From decades past
The west end of Hewitt still reflects the city's working-class, mill-town roots.
Four one-time tavern buildings remain between the bridge and Marine View Drive. The Anchor occupies a classic "flatiron" brick building, which opened as an office in 1906, then converted one year later to Mulligan's Saloon. It has been the Anchor since 1934; the actual anchor on its sidewalk dates to its founding.
Seamen based at nearby Naval Station Everett "borrowed" the anchor several months ago, then returned it with a new blue-and-yellow paint job.
Two storefronts up, a Hawaiian restaurant that relocated from the downtown core has taken over an historic two-story wooden building that once housed another saloon.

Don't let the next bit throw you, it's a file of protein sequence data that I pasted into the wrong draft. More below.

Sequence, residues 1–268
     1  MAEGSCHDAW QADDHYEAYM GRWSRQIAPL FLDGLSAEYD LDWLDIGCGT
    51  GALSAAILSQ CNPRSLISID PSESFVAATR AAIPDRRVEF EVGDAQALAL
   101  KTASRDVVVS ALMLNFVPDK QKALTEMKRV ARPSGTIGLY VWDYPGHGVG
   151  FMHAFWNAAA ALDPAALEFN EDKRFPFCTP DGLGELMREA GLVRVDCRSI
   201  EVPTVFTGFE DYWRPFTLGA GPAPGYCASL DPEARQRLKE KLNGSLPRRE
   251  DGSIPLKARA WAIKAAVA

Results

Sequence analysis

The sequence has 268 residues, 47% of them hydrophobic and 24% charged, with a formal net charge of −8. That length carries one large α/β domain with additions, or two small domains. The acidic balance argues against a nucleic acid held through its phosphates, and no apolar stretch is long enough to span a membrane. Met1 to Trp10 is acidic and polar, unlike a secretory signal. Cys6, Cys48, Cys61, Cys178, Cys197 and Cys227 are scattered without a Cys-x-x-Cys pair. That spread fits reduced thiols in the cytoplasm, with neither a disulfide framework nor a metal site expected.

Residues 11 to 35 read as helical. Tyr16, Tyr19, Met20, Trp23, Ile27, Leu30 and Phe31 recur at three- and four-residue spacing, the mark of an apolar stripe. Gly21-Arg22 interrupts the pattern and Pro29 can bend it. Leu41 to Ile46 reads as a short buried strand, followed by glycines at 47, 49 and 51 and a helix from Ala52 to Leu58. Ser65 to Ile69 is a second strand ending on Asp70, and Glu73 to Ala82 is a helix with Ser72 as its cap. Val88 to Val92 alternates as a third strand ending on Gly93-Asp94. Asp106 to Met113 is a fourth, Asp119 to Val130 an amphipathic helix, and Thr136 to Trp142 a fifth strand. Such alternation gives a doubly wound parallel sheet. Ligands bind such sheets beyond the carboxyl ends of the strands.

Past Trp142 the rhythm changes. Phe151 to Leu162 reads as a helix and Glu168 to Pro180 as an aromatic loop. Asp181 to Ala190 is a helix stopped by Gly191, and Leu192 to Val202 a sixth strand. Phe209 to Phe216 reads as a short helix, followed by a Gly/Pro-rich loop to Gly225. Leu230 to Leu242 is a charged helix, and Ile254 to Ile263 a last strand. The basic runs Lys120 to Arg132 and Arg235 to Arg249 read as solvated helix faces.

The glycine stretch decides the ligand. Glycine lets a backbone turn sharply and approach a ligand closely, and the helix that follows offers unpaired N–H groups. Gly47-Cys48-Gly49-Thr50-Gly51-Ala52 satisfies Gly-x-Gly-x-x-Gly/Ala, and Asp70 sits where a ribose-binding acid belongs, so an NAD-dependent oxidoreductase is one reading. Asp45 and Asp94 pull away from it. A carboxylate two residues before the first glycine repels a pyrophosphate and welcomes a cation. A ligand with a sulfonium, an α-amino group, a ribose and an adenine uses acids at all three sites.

And Anchor regular David Williams, a 26-year-old artist, remembers a childhood spent skateboarding past the old Blue Diamond, in a small building that now houses a Thai restaurant.
He would make faces through the window, he recalls, prompting pub patrons to come outside and watch him skate down the block and beneath the trestle.
"This is Everett," he said, nodding at the industrial-looking bridge. "It's been here forever; why take it down?"